One of our epoch’s characteristics is a tendency of peoples to seek rapprochement and contact. It is well known that Paris is the center, the mainspring and tool of these relations, that through the mediation of Paris European peoples learn about each other and, occasionally, even about themselves. It is one of France’s glories that it possesses this ability to attract; it testifies to the advances France has made for the ability to attract is always a function of spiritual activity, its stock of light and internal warmth. France’s superiority as the oldest daughter of the Church and as the nurse of artistic inspirations, skills, art, and literature is so noble that other peoples cannot consider it humiliating, in this respect, to accept her sovereignty.
On the other hand, nowhere is the willingness to approach Europe and to create a closer relationship with the peoples of the West as alive and widespread as it is among the Slavic peoples. These peoples shared a border with the Frankish empire during two epochs, that of Charlemagne and that of Napoleon. A part of their territory was subjugated to your capitulars and a region is still subjugated to the Napoleonic codex. These peoples took from Europe religion, military organization, arts and crafts; through their material strength they, in turn, impacted the West, but today they are virtually unknown in the West. The European spirit keeps them, I might say, at a certain distance and excludes them from the Christian community. Do they indeed lack their own civilizational element? Have they contributed nothing to the intellectual richness and moral good of Christianity? Such questions seem offensive to them; eager to prove their right to belong to the Christian community, they try to speak for themselves, to write in your language, and to find in their own works a road toward your literature.
These attempts, often undertaken for personal reasons or from a factional point of view, have not succeeded. It was finally understood that in order to gain the attention of Western nations, shaken by so many problems and tormented by so many difficult concerns, it was not enough to show them several bright spots within the domain of Slavdom; it was necessary to unveil in full grandeur the entire Slavic world. It was necessary to bring the magnitude of its literatures closer to the West. The French government realized the wish of the Slavic peoples in setting up this Slavic chair; I could not but blame myself if I did not agree to participate in it. I also believe that certain past events in my life make me an appropriate person to undertake this task. My long residence in various Slavic countries, the kindness that I encountered there, and the remaining memories have inculcated in me, in a manner stronger than any theory, a sense of our kin’s unity. The origins of the Slavic discord and the potential foundations of Slavic reconciliation are of keen interest to me.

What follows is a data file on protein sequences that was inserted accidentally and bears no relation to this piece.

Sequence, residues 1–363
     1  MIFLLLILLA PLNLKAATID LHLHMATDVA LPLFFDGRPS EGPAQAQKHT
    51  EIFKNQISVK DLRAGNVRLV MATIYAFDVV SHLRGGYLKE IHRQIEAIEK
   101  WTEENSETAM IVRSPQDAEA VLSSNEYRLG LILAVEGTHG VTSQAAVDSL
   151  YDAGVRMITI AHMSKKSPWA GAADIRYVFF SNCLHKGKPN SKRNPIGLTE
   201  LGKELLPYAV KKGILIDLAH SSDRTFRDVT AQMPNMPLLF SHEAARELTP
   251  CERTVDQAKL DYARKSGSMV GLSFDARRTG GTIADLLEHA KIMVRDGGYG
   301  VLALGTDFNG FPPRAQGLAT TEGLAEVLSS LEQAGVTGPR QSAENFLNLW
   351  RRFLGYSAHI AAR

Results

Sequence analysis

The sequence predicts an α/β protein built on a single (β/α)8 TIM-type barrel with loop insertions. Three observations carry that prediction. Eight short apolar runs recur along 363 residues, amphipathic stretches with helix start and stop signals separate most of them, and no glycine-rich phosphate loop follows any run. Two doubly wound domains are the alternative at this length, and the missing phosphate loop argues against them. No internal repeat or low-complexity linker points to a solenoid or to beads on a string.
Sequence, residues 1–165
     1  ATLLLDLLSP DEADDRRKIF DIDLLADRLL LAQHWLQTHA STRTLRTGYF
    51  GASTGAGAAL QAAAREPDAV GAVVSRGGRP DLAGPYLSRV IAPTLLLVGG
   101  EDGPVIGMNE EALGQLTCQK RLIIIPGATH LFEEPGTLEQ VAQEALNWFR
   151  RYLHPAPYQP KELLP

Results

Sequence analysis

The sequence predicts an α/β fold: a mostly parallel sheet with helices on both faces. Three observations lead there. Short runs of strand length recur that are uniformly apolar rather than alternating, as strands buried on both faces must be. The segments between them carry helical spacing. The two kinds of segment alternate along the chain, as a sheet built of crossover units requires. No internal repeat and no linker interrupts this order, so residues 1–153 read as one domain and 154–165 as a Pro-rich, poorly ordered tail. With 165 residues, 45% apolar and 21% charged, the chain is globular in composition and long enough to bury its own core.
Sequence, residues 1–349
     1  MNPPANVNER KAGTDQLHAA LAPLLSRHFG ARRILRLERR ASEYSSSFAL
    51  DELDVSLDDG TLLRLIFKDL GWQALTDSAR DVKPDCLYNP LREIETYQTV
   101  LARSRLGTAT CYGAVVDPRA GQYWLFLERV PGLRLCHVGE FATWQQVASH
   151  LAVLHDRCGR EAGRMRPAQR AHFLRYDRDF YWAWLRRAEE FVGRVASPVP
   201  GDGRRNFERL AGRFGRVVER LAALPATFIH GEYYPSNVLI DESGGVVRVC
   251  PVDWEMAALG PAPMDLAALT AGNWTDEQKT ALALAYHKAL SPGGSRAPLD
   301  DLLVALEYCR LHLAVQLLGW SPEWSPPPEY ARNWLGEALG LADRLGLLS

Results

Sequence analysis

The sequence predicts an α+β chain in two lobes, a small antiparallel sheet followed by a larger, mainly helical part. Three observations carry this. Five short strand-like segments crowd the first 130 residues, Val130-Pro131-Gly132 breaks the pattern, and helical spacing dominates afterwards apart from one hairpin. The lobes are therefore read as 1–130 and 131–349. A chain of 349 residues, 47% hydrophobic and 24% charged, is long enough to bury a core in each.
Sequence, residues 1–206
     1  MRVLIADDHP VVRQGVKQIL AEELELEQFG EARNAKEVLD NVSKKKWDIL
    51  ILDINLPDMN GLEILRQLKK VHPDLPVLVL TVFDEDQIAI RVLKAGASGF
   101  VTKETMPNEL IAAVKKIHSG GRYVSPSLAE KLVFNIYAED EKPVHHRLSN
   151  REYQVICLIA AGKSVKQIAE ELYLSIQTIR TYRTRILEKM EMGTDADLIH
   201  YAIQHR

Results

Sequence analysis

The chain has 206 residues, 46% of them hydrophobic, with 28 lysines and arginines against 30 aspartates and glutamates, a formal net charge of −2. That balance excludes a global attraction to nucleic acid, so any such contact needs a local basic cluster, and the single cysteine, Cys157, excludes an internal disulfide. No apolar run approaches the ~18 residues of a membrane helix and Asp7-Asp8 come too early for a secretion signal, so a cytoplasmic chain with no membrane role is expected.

Thus the plan for my course presented itself. I presume that it will be easier for me than for any other Slavic person to protect myself from the influence of all passion, from all narrow particularity. Such one-sidedness would oppose the pursuit of the well-being of our [Polish] national affairs, and it would not be in keeping with the intention of the administration that endowed this chair.
As I have already mentioned, gentlemen, the most astonishing aspect of Slavic literatures is their geographical magnitude and the numerosity of works. From the most objective and-according to the usual perception-only truly objective point of view, from the point of view of population and space, the Slavic speech bears enormous importance: over seventy million people speak in its languages. It occupies one half of Europe and one-third of Asia. Drawing the line from the Venetian Bay to the delta of the Elbe, we find behind this line and along its entire length relics of the people pushed to the north by Germanic and Roman tribes. The posthumous existence of these settlements already belongs to history, but moving toward the Carpathian Mountains, that eternal stronghold of Slavdom, we see on both sides, on both edges of Europe, Slavic settlements engaged in fierce fighting. At the Adriatic Sea they defend their own existence against Islam; at the Baltic, first conquered by a foreign tribe, they are gaining the upper hand. In the center of this territory Slavdom manifests itself in its whole might. From there, along one of its sides Slavdom moves to America and on the other, through the Mongolian and Caucasian people it reaches China and Persia, gaining the territories it has lost in Europe.
These Slavic nations enclose within themselves all manner of religious and political structures present in both ancient and modern history. We have there an ancient tribe of Montenegrins whose customs are similar to those of the Scottish highlanders; however, more fortunate than the latter, they managed to defend their independence against the Ottoman, Greek, German, and Frankish empires and, most likely, in antiquity, also from the Roman Empire. We have the city of Ragusa-the Slavic Venice and a longtime competitor of Venice-which, by the way, also owes its origin to the Slavs. Further, ancient Illyria, Bosnia, Herzegovina, the Czech kingdom, the Slavic part of the Hungarian kingdom-all these peoples constitute half of the Austrian empire. Finally, the Russian Empire and the entire former Polish Kingdom. If we add the duchy of Serbia, Bulgaria, and the Slavic component of Romania (in Wallachia and Moldavia), we have an image of the territory or, rather, the continent of the Slavs.
The language of these numerous peoples is divided into many subgroups that, having developed independently of each other, preserve signs of unity. It is one speech, manifesting itself in all forms and at different levels of growth. In the old Slavonic it shows itself as a dead language, a religious language; as a language of state administration and state orders in Russia; as a language of literature and conversation in Poland; as a language of skills in the Czech lands; while in Illyria, Montenegro, and Bosnia it remains in the primordial state as the language of poetry and music. Thus a Russian scholar who deals with the workings of the law-that, through their weight and breadth seem to belong to the time of Emperor Justinian-can encounter a Ukrainian poet, whom one could take for a contemporary of the Greek lyricists because he possesses their inspiration, luminosity, and art and has succeeded in expressing the national past in a fiery way. Everyone can guess that I am talking about our poet Bohdan Zaleski.